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The Silent French War Against Online Casino Regulation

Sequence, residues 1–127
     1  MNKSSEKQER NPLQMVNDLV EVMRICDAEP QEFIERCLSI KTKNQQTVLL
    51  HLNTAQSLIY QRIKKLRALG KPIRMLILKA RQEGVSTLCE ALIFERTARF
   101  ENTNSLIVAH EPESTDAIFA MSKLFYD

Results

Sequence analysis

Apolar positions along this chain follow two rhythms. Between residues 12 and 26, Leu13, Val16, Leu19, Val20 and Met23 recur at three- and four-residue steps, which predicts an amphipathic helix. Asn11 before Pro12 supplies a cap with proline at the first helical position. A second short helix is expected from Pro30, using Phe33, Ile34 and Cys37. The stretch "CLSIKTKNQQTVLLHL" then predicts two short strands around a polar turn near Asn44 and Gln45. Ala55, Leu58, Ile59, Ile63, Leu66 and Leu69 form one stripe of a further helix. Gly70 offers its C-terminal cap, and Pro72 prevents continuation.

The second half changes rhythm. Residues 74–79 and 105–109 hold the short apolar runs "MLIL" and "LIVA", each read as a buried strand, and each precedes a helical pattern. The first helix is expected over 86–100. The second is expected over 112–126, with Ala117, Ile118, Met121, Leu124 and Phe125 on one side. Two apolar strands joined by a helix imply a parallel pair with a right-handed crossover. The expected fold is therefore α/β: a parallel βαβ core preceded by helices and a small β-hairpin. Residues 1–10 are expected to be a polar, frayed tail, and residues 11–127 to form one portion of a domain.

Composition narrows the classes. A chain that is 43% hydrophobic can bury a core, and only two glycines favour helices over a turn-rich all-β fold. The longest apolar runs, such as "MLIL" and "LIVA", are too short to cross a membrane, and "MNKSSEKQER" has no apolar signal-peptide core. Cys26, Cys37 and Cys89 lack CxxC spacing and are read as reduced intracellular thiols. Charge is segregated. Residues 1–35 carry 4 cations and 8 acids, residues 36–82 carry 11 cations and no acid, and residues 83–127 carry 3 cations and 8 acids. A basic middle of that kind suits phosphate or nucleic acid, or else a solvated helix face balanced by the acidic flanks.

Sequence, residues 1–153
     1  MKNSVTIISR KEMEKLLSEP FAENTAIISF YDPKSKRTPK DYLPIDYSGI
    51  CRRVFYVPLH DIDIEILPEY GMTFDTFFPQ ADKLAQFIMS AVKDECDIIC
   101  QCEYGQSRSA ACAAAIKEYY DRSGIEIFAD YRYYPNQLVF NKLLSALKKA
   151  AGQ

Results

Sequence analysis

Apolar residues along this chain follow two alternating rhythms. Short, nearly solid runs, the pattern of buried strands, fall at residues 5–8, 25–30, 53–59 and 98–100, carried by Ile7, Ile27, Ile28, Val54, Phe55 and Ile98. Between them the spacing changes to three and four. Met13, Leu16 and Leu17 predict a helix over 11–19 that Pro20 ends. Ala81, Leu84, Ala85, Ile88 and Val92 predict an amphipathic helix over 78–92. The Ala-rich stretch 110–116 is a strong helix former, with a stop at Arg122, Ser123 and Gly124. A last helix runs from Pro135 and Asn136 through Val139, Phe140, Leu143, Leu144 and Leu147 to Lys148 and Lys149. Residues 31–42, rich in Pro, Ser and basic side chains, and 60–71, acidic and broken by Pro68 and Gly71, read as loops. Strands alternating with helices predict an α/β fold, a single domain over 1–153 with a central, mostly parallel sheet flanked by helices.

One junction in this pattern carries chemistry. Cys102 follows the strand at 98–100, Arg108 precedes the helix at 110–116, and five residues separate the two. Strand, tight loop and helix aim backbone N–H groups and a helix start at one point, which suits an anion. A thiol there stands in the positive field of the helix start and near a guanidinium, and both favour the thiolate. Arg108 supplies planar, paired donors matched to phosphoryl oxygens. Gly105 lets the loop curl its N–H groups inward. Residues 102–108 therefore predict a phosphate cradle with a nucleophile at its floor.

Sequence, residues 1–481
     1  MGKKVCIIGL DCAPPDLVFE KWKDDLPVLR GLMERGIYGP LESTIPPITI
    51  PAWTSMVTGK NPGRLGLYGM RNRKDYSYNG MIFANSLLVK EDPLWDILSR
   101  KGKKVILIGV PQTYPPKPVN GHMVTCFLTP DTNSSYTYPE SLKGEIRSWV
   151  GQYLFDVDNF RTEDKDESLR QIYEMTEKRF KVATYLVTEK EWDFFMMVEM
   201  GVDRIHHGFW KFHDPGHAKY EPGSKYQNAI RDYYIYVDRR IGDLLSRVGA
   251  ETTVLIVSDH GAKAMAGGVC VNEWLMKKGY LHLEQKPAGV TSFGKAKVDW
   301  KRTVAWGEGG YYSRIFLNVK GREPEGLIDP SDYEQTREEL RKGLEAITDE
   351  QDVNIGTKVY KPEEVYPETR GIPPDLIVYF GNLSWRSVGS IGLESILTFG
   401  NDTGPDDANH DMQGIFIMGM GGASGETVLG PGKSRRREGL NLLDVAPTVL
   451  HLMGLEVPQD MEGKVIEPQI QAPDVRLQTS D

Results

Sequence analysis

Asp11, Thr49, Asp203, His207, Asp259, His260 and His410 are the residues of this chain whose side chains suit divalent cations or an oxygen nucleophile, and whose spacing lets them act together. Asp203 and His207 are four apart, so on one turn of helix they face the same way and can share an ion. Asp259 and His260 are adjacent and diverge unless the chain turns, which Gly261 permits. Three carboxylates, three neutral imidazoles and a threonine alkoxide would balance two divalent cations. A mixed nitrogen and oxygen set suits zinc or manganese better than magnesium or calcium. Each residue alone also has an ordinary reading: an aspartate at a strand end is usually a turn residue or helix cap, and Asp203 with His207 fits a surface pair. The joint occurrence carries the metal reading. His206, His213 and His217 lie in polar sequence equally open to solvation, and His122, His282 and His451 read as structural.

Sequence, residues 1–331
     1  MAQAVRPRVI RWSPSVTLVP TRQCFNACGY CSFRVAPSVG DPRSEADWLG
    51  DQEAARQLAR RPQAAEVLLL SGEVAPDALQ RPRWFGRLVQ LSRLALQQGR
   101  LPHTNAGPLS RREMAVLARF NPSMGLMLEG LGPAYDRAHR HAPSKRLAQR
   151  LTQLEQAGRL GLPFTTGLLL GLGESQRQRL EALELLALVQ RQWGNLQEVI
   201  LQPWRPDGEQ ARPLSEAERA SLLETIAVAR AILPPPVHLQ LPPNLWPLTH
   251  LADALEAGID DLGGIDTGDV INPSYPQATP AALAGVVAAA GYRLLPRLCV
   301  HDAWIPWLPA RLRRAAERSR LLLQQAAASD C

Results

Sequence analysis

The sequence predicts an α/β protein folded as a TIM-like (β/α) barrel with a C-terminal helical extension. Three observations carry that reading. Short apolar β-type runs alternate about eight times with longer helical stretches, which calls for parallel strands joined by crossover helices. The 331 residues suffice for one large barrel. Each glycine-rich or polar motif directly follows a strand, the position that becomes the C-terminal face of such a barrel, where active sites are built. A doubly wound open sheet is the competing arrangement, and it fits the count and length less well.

Shane Addinall posted a post in BlogAs lifelong fans of gambling and in particular online gambling it is fantastic to see how many countries are adopting a positive stance towards the hobby. Even if a region does not currently allow local licensing and advertising opportunities, they tend to adopt a ‘no harm, no foul’ approach which allows players to gamble at offshore casinos without any legislative requirements. In a 2021 review of the legal online gambling landscape Slotegrator reported that gambling regulation falls into one of four distinct categories: Those where gambling websites must be licensed by the local regulator (32 countries) Those where only local gaming sites need a license, not foreign sites (32 Countries) Those where online gambling is prohibited, but no legal action is taken against play at foreign sites (28 countries) Those where there are no gambling restrictions at all (93 countries) When looking at the European Union in the context of these categories is becomes clear that the majority of the member states have adopted or are investigating a multi-license regime. ✓EU Free Trade Supports Gambling Regulation For those who are unfamiliar with how the European Union works simply put it is an agreement between 27 member countries that make up most of continental Europe that aim to promote economic and political unity. As a response to the devastating impact of World War 2 on Europe, the European Economic Community (EEC) was created in 1958 to foster financial dependencies. The logic being that when countries are reliant on one another for trade the likelihood of aggression declines. According to a report by the EU Commission in 2021 “82% of products traded in the Single Market are subject to harmonised rules and some 18% of intra-EU trade in goods fall under mutual recognition”. Given that the EU free trade agreement is such a pivotal part of the makeup and longevity of the Union, online gambling became a hotly debated topic as the UK, who was still a member of the EU at the time, promoted full regulation and licensing and expected to be able to trade with its partners. Jurisdictional legislators such as Malta became highly respected markets who expected EU member states to recognise the validity of an MGA licensed casino to trade within the Union. Members that stood against regulated online gambling were seen to be contradicting the compact, and this early friction ultimately led to a burgeoning European online gambling industry. ✓EGBA Striving for Standardised Regulation As with any other multi-party endeavour one of the challenges members of the EU have had to face is how their differing definitions, requirements and even fee structures have become stumbling blocks for their peers. To assist in creating a unified logic to regulation and a set of standards the Brussels-based European Gaming and Betting Association (EGBA) was founded. “EGBA works together with national and EU regulatory authorities and other stakeholders towards a well-regulated and well-channelled online gambling market which provides a high level of consumer protection and takes into account the realities of the internet and online consumer demand.” To achieve a sustainable online gambling regime the EGBA strives to: Achieve a well-regulated and competitive market Define an ambitious set of European industry standards Build an integrity-based betting market Address betting-related match-fixing and corruption In addition to creating forums for discourse and staying on top of the day-to-day minutiae associated with tracking the gambling rulings and legislative decision making of 27 member countries the EGBA is also a founding partner of the EU Athletes program, a member of the International Betting Integrity Association (IBIA) and registered with the EU Transparency register since 2009. A July 2021 decision by the EU Commission to not reinstate the Expert Group on Online Gambling to assist regulators in coordinating their legal efforts could see the EGBA having an even more authoritative voice as it fills the role that the Commission renounced. ✓The French Gambling Legislation Interestingly enough when looking at online gambling regulation it is important not to interchange online gambling and online casino, especially if you are looking to play online slots in France. While many gambling sites will say that online casino is legal in France, they are in fact incorrect, however, it is correct to say that online gambling is legal in the country. This is because in 2010 France had a massive overhaul of its gambling law which both created the current body known as the Autorité Nationale des Jeux (ANJ) and legalised all forms of land-based gambling including casino games, card games, and sports betting. However, in an unexpected turn of events when addressing online gambling the regulation only made allowance for the licensing of online poker and online sports betting, while online games of chance remained a restricted category. ✓An Avid Gambling Community Despite the exclusion of online slots and other casino games, online gambling has flourished in France with La Française des Jeux (FDJ) being responsible for betting and lottery games, while Pari Mutuel Urbain (PMU) is specifically responsible for horse racing. The Q2 2021 report by BusinessWire on the financial results of the FDJ reported that the “digitalised and online stakes” showed an impressive 70% growth over its Q1 results reaching €1.1 billion in revenue from stakes of €9.2 billion. Stéphane Pallez, Chairwoman and CEO of FDJ, said: “Our stakes are increasing, both online and in our point-of-sale network. Over the half-year, we accordingly recorded an increase of nearly 9% in revenue compared with the same period in 2019. Barring new restrictions in response to developments in the health situation, the Group expects to maintain good momentum in the second half and is confident in its business and results prospects in accordance with its responsible gaming model.” These reports show that the FDJ’s online performance is tracking perfectly for the body to achieve its target of €2.2 billion for the year. Market analysts expect this to come from just over €19 billion in stakes. However, the growth in both player stakes and overall revenue for France’s online gambling market has raised the question of whether their reasoning for excluding online gambling was genuine. When the regulations were announced in 2010 ARJEL argued that games of chance held too high a risk of gambling addiction. That games like slot machines encouraged high engagement and participation, something they then claimed to be looking to actively discourage. However, with the €9.2 billion in stakes over six months it proves French gamblers are an engaged and active community. Despite numerous calls in recent years for other EU member states to open their borders to regulated online gambling, to protect locals and actively participate in the free trade compact France has silently refused to budge on the issue, deflecting the conversation around casino games to a discussion of regulated online gambling instead. In a decision that further confuses the matter, France declared that its citizens may gamble at international offshore casinos. Yet this puts them at risk of playing with casinos who do not adhere to EU safer gambling standards, reduces channelisation by not offering a casino game option for slots players, and driving revenues offshore which could be funnelled into programs that would uplift the French community such education programs and compulsive disorder treatment centres. ✓The Bitcoin Casino Stumbling Block France is one of the most progressive nations in the world and as such has been at the forefront of cryptocurrency adoption. The French are proud HODLERs with nearly 4% of the population owning Bitcoin, Ethereum and other digital tokens. Unsurprisingly the lion’s share of this ownership sits with wealthy, tech-savvy men and women in their late mid-twenties to mid-thirties. It should come as no surprise then that in the absence of regulation making online casino gambling illegal a large portion of the French casino market is turning to Bitcoin casinos. Not only do they get to engage in leading online slots and tables games, but they stand the chance to withdraw even more of the valuable cryptocurrency in the process. However, July 13th saw a Parisian court rule that French ISPs had to block local users from accessing two cryptocurrency gambling sites. The ruling came of the back of a decision to hand over cryptocurrency regulations to Autorité des Marchés Financiers (AMF), a securities watchdog with a specific brief to manage digital currency exchanges in the region. In this case while the casino games themselves were not the issue the ability to buy and sell cryptocurrencies in an unregulated marketplace saw the AMF flex its muscle and once again limit French players access to online casino entertainment. Once again, sane minds argue that if France would extend its current online gambling legislation to include online casino games, they could offer local players access to a secure crypto-exchange and secure a valuable revenue resource in the process.